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You Can Teach Someone to Read Review by Kim KargboBy Lorraine Peoples
PO Box 54291
Phoenix, AZ 85078
This comprehensive book is a 295-page theory document and instructional reference manual on teaching someone--anyone--to read. The author believes that none of the traditional reading teaching methods (whole language, memorization, or phonics) is sufficient on its own, but rather that the best parts of all three methods should be used in conjunction. This book is not written specifically for homeschoolers, but since one of the key stumbling blocks of new homeschoolers is "I can't teach my child to read," the book has great relevance and application in the homeschool community. If this book doesn't convince you that it's possible, and even fun, then nothing will!
The author has extensive experience in teaching people of all ages and abilities to read, or read more fluently. Her love of what she does comes across clearly in her book. For someone who is struggling to believe they can accomplish the daunting task of teaching someone to read, this book may seem a bit overwhelming at first, but it is easy to read, wonderfully illustrated, and systematic.
The book is divided into six units. I will outline each unit briefly, but there is too much packed into each section to list in full!
Unit One: Getting Started
Here Ms. Peoples discusses figuring out the student's learning style, identifying whether any physical problems may be preventing accurate comprehension and application of reading skills, knowing the interests of the student so that the material can be geared toward things they like, getting the family involved, implementing general instructional procedures, and starting with basic sight words and vowel sounds as a base.
Unit Two: Basic Phonics and the Most Used Sight Words
This unit begins the formal phonics and sight word instruction. It starts with upper and lowercase letter recognition followed by consonants that only make one sound, consonants that make more than one sound, consonant blends and diagraphs, more common sight words, and short and long vowel sounds. Each lesson gives procedures for teaching the concept, daily lesson plans, illustrations that you can use with the student to illustrate what is being taught, and "Silly Stories" that help with retention of phonics rules.
Unit Three: Using Consonants and Vowels to Decode Words and Next Used Sight Words
Unit Three introduces the rules used for decoding. Each lesson presents a new rule, using silly stories, games, charts, and illustrations to make the rule memorable. Each lesson also starts with an "Instructor Background" section that gives the teacher the reasons and rules that are being taught without the accompanying memory aids. It also tells how long each lesson should take to teach on average. Some of the rules in this section include c-v-c patterns, long vowels, silent "e," and suffixes.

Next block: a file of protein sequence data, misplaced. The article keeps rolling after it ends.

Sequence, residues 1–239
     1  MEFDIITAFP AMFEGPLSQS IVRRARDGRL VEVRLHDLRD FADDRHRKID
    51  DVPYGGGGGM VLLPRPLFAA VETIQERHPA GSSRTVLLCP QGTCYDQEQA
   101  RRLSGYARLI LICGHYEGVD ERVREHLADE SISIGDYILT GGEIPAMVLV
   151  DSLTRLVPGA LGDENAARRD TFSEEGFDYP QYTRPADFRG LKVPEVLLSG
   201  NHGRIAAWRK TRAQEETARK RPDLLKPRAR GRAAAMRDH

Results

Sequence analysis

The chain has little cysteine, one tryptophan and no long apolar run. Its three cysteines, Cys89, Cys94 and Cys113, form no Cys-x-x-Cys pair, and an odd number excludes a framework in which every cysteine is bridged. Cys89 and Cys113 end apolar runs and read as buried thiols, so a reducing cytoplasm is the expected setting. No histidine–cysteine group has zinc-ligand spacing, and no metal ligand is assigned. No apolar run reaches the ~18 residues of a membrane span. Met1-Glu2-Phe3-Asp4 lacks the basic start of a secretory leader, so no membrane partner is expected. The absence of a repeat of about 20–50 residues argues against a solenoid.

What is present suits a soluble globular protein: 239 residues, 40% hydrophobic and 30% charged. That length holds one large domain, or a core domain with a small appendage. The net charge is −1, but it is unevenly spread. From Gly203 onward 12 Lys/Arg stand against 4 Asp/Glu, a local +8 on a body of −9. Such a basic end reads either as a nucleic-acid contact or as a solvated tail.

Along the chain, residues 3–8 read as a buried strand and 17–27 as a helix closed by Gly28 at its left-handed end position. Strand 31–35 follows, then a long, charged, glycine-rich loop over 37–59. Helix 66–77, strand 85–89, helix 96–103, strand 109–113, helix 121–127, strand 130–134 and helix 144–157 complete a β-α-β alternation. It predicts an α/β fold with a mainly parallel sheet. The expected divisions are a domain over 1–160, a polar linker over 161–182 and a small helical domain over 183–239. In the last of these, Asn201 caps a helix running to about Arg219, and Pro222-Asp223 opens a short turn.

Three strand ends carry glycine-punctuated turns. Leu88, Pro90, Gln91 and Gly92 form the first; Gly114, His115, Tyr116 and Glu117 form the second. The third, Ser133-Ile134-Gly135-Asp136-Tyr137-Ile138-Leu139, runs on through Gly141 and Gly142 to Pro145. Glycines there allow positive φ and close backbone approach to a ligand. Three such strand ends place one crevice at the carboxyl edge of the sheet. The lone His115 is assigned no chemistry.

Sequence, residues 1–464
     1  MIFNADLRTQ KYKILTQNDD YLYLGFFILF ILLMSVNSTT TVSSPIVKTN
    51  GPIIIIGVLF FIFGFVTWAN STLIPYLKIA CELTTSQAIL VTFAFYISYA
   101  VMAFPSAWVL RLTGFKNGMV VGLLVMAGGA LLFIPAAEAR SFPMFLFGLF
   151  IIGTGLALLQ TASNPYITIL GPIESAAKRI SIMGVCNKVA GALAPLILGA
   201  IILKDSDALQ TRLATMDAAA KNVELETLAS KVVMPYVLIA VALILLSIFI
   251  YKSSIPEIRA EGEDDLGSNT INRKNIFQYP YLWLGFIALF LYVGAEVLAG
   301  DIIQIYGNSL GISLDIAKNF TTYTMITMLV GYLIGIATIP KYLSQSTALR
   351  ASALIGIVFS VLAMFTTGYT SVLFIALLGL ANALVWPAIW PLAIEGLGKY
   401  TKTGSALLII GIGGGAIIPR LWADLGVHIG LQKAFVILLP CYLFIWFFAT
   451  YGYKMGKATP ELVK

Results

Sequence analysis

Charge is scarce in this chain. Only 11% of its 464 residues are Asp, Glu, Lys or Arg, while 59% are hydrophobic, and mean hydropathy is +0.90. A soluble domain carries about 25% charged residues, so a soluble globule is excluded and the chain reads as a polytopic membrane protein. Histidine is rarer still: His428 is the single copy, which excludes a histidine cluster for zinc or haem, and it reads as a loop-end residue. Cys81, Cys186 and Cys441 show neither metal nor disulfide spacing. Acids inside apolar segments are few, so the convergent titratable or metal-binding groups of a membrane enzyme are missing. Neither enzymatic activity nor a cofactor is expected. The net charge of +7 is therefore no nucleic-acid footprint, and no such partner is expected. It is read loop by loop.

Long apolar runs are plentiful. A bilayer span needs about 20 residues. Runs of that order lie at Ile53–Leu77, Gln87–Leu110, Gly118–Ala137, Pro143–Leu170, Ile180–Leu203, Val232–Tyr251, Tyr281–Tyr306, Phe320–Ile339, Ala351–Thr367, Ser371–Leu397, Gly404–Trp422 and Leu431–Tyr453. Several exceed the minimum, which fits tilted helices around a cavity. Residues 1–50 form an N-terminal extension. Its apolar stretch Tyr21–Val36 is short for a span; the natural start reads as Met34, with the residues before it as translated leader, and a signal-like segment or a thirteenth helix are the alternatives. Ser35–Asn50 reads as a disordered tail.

Unit Four: More Most Used Phonics Rules and the Most Used Sight Words
This unit is very similar to Unit Three, except that it introduces additional rules (in the same manner as above). Some of the rules and concepts taught in this lesson are vowel diagraphs and vowels controlled by consonants (such as "r" and "w").
Unit Five: Decoding Longer Words Using Syllable Rules, More Suffixes, Compound Words and Contractions
As indicated in its lengthy and descriptive title, Unit Five continues to give more rules for decoding of longer words, including compound words and multi-syllabic words. The various sounds of "y" are discussed, as well as contractions.
Unit Six: How to Make Sense from Written Words
Now that the reader has all of the basics of word decoding down pat, Unit Six goes a step beyond that to making words make sense. The concepts of sentences, punctuation, paragraph divisions, context, and reading comprehension are taught in this unit. Fun stories give the reader practice in these concepts, and the procedure for each lesson is explained in step-by-step detail.
The last section in the book is a set of nine appendixes. These are lists of the rules, phonetic and sight words, the silly stories (in order of appearance), and other helpful reference tools.
I will admit, when I first saw this "tome," I thought it would be too overwhelming for someone who was already insecure about teaching reading. But as I dissected the contents, I realized that it should be every homeschool-mom-of-a-kindergartener's best friend. (This would also be true for a mom of a reading-challenged child.) Ms. Peoples has taken all the work out of it and made it understandable, easy, and fun. I have taught three children to read (one with dyslexia and learning challenges) and tutored several others, and this is a book I wish I'd had. I highly recommend it for anyone who is plunging into the dark and icy waters of reading instruction.